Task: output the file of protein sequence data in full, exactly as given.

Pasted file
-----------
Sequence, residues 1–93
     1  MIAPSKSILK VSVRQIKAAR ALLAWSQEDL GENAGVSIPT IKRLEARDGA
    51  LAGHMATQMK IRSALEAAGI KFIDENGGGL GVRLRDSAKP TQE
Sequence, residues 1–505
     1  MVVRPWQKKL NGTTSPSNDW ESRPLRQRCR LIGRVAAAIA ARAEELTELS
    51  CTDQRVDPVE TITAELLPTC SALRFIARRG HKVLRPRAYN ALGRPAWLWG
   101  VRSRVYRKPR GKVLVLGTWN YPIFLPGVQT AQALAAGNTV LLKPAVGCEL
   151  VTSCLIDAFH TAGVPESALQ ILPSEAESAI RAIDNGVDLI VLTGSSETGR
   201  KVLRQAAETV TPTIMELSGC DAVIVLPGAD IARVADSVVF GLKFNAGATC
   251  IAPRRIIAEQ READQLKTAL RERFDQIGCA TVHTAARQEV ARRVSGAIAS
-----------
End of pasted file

Sequence, residues 1–93
     1  MIAPSKSILK VSVRQIKAAR ALLAWSQEDL GENAGVSIPT IKRLEARDGA
    51  LAGHMATQMK IRSALEAAGI KFIDENGGGL GVRLRDSAKP TQE
Sequence, residues 1–505
     1  MVVRPWQKKL NGTTSPSNDW ESRPLRQRCR LIGRVAAAIA ARAEELTELS
    51  CTDQRVDPVE TITAELLPTC SALRFIARRG HKVLRPRAYN ALGRPAWLWG
   101  VRSRVYRKPR GKVLVLGTWN YPIFLPGVQT AQALAAGNTV LLKPAVGCEL
   151  VTSCLIDAFH TAGVPESALQ ILPSEAESAI RAIDNGVDLI VLTGSSETGR
   201  KVLRQAAETV TPTIMELSGC DAVIVLPGAD IARVADSVVF GLKFNAGATC
   251  IAPRRIIAEQ READQLKTAL RERFDQIGCA TVHTAARQEV ARRVSGAIAS